Band One Short, Show Late
My husband and I attended the Tinsley Ellis show at the Pour House last evening (T. Ballard Lesemann's "Soul-Drenched Blues-Rock," June 27). We were very disappointed that his band did not include the advertised Hammond Organ player. In addition, we were frustrated that his show began at 10 p.m. and not 9 p.m. as stated. We sat in the event area from 8:30 until 10 and just about got up to leave when the lights dimmed 10 minutes before the show started. Although Mr. Ellis was a very good guitarist — we would have not attended had we known that all the band would not be there at Mr. Ellis' late show.
In Defense of Thomas
The political implications of Thomas Ravenel's drug charges raise questions, as if opponents preyed upon his known personal addiction, planning an attack on his public office. Bizarre evidence and disgusting remarks from Ravenel opponents don't add up.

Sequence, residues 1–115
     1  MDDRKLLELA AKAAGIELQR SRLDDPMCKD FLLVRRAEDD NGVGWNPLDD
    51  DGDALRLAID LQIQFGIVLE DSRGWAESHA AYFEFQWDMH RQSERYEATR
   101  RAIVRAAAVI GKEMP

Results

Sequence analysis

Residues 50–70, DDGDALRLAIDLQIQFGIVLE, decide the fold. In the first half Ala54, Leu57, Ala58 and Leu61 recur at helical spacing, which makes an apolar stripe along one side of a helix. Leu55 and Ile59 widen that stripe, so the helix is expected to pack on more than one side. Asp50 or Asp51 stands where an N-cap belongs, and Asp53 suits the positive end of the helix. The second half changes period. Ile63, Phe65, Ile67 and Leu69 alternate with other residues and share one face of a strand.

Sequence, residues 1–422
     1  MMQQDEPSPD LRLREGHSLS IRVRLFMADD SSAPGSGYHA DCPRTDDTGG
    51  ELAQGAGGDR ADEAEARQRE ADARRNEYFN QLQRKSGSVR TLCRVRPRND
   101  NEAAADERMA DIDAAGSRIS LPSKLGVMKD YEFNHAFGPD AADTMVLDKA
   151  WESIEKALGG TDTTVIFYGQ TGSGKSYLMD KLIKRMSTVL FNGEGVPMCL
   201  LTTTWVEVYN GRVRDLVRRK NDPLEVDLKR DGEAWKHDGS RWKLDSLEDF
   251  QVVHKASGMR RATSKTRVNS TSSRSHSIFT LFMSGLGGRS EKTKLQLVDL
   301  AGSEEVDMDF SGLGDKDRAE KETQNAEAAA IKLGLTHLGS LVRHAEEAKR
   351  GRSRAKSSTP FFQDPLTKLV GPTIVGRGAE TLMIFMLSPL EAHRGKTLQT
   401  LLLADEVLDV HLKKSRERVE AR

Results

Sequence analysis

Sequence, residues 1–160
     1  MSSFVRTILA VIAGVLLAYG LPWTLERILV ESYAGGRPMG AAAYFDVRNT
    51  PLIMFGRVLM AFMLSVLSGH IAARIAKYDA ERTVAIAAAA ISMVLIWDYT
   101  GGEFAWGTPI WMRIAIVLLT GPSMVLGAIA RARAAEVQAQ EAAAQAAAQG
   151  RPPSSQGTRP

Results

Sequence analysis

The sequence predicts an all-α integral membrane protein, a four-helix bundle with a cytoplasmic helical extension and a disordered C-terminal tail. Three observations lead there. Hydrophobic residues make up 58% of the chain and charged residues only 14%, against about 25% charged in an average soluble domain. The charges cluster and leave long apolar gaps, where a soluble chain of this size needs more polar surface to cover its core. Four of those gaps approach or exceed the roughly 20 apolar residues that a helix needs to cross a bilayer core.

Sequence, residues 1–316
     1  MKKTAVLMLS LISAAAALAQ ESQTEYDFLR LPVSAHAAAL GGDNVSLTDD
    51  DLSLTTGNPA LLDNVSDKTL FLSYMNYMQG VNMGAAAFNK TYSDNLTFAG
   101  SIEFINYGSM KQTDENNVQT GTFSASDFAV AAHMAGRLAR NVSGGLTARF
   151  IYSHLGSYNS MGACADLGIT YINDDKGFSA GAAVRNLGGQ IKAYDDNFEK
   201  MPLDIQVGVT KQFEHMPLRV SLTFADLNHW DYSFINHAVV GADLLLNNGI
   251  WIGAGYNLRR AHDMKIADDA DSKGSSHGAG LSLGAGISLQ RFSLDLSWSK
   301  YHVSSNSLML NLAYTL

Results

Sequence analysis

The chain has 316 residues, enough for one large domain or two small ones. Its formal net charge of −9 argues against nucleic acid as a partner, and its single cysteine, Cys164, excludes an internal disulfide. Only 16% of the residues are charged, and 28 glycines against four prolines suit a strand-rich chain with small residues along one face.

The Ravenel family is loyal, honest, conservative servants of South Carolina, with no financial need to distribute drugs. This conjured up "intent to distribute" charge is ridiculous. Bottom line: Thomas was at the wrong place, wrong time, with the wrong substance. But substance abuse is a personal problem, like alcohol or gambling. Ravenel's personal problem is fixable, nowhere near the criminal history of other public figures.
Former D.C. Mayor Marion Barry repeatedly abused narcotics, purchased prostitutes — and was re-elected. If Barry were indicted on Ravenel's charges, Democrats would stand by him, applaud him, hug him — and donate money to him.
Thomas Ravenel is no Marion Barry. Ravenel's honest decision to enter treatment in Arizona is the fair, square, right thing to do. From what I know of the Ravenel family, Thomas will exit treatment and never waver again.
South Carolinians should embrace Thomas Ravenel, learn from this mistake, fight drugs better, and move forward with loyalty and forgiveness rather than venom.